Investing for a sustainable future

There is little doubt that systemic change is required to the way business and society operates if a drastic reduction in global greenhouse gas (GHG) emissions aligned with the goals of the Paris Agreement1 is to be achieved.  Transitioning to a net zero economy requires significant capital investment and the providers of that capital want to understand the climate-related financial risks and long-term viability of the organisations asking them for money. They are not alone. The Institutional Investors Group on Climate Change2 recently noted:

Financial statements that leave out material climate impacts misinform executives and shareholders and thus, result in misdirected capital.

They draw the comparison of setting the future course of an organisation based on misleading information, with that of a pilot using the wrong charts — which is potentially disastrous.

Are disclosures of these risks regulated today?

It is clear that more needs to be done to bring transparency to these risks, but regulation and guidance on ensuring that material climate-related factors are properly reflected in financial statements does already exist.

Sir Jon Thompson, Financial Reporting Council CEO said:
Not only do Boards of UK companies have a responsibility to report their impact on the environment and the risks of climate change to their business, but investors expect them to operate sustainably. 

The FRC has high standards for company disclosure, including regarding climate change. Company reports and accounts are essential to understanding how the corporate world is responding to the challenge of climate change.’3

Who’s interested?

It’s not only the directors and boards of organisations that should be interested in understanding climate-related risk. Sir Jon Thompson went on to say:

‘Auditors have a responsibility to properly challenge management to assess and report the impact of climate change on their business.’

When enhanced disclosure becomes mandatory, auditors will need to consider:

  • Paris alignment – the resilience of the organisation’s strategy to different climate-related scenarios, including one with a temperature increase of 2°C or lower
  • Consistency – between the narrative disclosures around climate risks and the financial statements — this will highlight any greenwashing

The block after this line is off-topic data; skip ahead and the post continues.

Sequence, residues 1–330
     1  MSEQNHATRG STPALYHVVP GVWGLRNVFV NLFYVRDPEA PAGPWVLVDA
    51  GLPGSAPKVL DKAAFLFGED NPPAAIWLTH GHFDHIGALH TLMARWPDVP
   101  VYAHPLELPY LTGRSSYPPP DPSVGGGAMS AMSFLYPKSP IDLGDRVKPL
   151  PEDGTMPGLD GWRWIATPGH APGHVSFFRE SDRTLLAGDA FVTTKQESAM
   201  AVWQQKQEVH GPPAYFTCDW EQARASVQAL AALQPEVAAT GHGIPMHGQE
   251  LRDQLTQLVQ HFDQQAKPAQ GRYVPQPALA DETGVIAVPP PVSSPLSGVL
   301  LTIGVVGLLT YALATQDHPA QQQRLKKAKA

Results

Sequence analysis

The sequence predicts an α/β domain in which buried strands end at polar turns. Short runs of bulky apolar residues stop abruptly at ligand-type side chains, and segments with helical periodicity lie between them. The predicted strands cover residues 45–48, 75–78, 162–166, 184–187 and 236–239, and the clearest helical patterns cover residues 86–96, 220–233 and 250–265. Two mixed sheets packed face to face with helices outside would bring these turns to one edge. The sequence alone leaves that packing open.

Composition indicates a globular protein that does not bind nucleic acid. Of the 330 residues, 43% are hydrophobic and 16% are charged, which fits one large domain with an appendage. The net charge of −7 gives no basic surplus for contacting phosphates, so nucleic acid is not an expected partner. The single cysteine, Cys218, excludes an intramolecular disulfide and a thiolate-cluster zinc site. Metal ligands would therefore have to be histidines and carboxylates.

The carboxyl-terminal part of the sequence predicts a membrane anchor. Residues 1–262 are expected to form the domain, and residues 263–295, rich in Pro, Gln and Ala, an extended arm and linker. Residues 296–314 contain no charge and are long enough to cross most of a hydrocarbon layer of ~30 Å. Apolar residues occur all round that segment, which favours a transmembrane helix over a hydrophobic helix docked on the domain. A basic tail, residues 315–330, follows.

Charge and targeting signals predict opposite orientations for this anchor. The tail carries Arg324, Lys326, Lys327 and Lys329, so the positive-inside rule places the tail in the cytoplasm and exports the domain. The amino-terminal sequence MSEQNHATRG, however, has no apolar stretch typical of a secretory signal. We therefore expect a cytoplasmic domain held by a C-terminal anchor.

• Dividend resilience – that capital/solvency ratios reflect climate risk and that dividends are appropriately funded.4

Investors play a pivotal role in driving the future direction of most organisations. In respect of becoming Paris-aligned, investors can hold directors (and auditors) accountable by:

  • Engaging – making sure the board address the need for change
  • Voting – against resolutions or reappointments which don’t support the necessary changes
  • Divesting – signalling a lack of confidence in the organisation’s future.

Does any reporting guidance exist today?

Embracing the recommendations of the Taskforce for Climate-related Financial Disclosure (TCFD) is a good option for future-proofing reporting requirements. Its Final Report includes four good reasons. The reporting recommendations are:

•          Adoptable by all organisations, including financial sector organisations

•          Can be included in financial filings

•          Designed to solicit decision-useful, forward-looking information on financial impacts

•          Strong focus on risks and opportunities related to transition to a lower-carbon economy

The Task Force structured its recommendations around four thematic areas that represent core elements of how organisations operate: governance, strategy, risk management, and metrics and targets. The intention is to provide information that will help investors and others understand how organisations assess climate-related risks and opportunities.

The other point about TCFD reporting is that it will be mandatory. The Financial Conduct Authority (FCA) has confirmed that, from 1 January 2021, premium listed companies in the UK (two-thirds of the market capitalisation of equities on the UK Official List) will be required to make disclosures consistent with the recommendations of the TCFD. In addition, the Chancellor, Rishi Sunak, announced that the UK will become the first country in the world to make TCFD-aligned disclosures fully mandatory across the economy by 2025.

What can I do to support sustainable investing?

As an investor yourself — either directly through investing in shares or funds, or indirectly through your pension savings — being certain that organisations are managing and disclosing these risk is of paramount importance to protecting your future income. You can be an active investor: use your voice either by voting positively for change or divesting your interests. Make sure you know where your pension savings are being invested and lobby for Environmental, Social and Governance (ESG/ethical options to be made available. Apart from protecting your future income, you’ll also be protecting the planet.


  1. Global Warming of 1.5 ºC, IPCC
  2. Investor Expectations for Paris-aligned Accounts, The Institutional Investors Group on Climate Change
  3. 2020, FRC assesses company and auditor responses to climate change, Finance Reporting Council
  4. 2017, Recommendations of the Task Force on Climate-related Financial Disclosures, Task Force on Climate-related Financial Disclosures

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